Chisholm was an independent politician-a term that many consider an oxymoron-and was once described as “feisty and brash” when, as a newly elected representative, she demanded, and got, a reassignment to the Veterans Affairs Committee. Her independence sometimes forced her to support unpopular, yet worthy issues and personalities, but that was a part of her strength-she would never “go along to get along.”
Her private life was indeed private. After her first marriage, she remarried to Arthur Hardwick, Jr., but never had any children. Chisholm died on January 1, 2005 at the age of 80 years old.
Of her many quotes, she may best be remembered for the following:
‘I KNOW I WILL SURVIVE, I’M A FIGHTER’ and ‘OF MY TWO HANDICAPS, BEING FEMALE PUTS MORE OBSTACLES IN MY PATH THAN BEING BLACK’.
Sen. Carol Moseley Braun
While the Honorable Carol Moseley Braun was a member of the United States Senate, a well-known national syndicated columnist wrote an article alleging that she was a corrupt legislator. She responded, “I think because he couldn’t say nigger, he said corrupt,” and she compared his words to that of a ku klux klansman (one of the group of domestic terrorists). “He can take his hood and put it back on again.” In 1992, she was the first Black woman to be elected to the U. S. Senate in history, and when she took her place among the Senators of that august body, the U.S. Senate had been in existence for two hundred years.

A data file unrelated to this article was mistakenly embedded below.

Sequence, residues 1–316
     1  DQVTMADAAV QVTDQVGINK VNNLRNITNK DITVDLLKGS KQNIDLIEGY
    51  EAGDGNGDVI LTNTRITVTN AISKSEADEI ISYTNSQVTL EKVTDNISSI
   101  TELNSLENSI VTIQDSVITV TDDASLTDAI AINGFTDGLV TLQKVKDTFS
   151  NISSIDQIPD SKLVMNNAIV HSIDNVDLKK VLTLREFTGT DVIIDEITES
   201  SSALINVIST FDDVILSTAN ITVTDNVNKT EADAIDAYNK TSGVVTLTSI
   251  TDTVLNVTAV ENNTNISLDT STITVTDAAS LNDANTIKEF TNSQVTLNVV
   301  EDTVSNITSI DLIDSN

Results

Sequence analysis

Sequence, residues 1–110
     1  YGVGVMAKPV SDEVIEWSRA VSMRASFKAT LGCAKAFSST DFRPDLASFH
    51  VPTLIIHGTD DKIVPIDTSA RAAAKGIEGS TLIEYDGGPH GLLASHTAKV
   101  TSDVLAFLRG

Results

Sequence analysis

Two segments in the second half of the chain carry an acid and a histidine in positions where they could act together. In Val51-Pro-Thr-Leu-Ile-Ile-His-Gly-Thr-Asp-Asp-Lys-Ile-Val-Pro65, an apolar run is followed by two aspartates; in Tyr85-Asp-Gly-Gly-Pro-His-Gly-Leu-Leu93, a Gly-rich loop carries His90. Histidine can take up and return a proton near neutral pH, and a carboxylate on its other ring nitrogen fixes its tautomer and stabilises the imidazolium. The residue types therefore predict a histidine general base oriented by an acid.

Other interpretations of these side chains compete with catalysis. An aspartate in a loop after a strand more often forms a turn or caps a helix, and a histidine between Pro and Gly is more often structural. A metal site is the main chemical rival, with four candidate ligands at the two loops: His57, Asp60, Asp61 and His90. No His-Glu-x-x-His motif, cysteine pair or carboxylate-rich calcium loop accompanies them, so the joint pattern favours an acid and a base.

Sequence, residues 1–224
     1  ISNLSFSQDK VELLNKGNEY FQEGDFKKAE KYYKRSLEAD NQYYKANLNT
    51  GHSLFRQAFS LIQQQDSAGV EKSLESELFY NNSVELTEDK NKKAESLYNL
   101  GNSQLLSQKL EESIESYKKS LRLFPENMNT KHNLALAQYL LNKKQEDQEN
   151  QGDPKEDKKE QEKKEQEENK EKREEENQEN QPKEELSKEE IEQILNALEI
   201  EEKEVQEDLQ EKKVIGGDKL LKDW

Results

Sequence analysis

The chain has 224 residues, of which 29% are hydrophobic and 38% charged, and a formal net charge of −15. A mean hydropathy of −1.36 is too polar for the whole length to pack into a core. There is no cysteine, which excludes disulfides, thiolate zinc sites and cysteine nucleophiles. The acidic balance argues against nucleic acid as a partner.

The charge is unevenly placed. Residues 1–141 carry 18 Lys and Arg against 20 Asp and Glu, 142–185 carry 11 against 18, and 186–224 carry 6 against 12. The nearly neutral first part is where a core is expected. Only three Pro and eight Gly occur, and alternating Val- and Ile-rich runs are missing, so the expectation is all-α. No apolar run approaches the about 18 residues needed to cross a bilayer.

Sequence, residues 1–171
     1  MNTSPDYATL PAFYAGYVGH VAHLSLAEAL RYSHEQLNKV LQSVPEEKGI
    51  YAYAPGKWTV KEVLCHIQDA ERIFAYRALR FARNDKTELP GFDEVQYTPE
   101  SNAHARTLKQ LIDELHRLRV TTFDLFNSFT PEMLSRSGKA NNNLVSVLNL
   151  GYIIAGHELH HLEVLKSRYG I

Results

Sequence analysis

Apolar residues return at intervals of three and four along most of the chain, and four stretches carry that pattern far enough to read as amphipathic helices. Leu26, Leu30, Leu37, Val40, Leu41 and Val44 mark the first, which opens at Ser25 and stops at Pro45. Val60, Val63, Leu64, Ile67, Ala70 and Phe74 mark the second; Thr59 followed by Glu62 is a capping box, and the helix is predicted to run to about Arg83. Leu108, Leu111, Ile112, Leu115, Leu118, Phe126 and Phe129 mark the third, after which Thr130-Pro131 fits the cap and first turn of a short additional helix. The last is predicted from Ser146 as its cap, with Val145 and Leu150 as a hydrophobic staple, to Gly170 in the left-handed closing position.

Carol Elizabeth Moseley was born in Chicago, Illinois on August 16, 1947 to Joseph Moseley, a law enforcement officer, and Edna Moseley, a medical technician. She attended Chicago public schools, received a Bachelor’s Degree in 1969 from the University of Illinois at Chicago and her law degree in 1972 from the University of Chicago. The following year, she got married to Michael Braun and began using a hyphenated surname, Moseley-Braun. (They had a son, Matthew Braun, who eventually became a computer engineer).
Her first major assignment as an attorney was a prosecutor in United States Attorney’s office for the Northern District of Illinois in Chicago. While there, Moseley-Braun handled high-profiled cases that mostly involved civil and appellate law in the areas of housing, health and the environment. Her work as an aggressive assistant U. S. Attorney earned her the Attorney General’s Special Achievement award and recognition in the area of public interest.
Moseley-Braun left the U. S. Attorney’s office in 1977 and began to explore running for elective office. Her first public office was in 1978-she was elected to the Illinois House of Representatives. In the state legislature, she championed education reform, civil rights, gun control, health-care and governmental reform, and she also led the fight for a moratorium on the death penalty. Moseley-Braun became the assistant Democratic, majority leader and was recognized as “the conscience of the House.”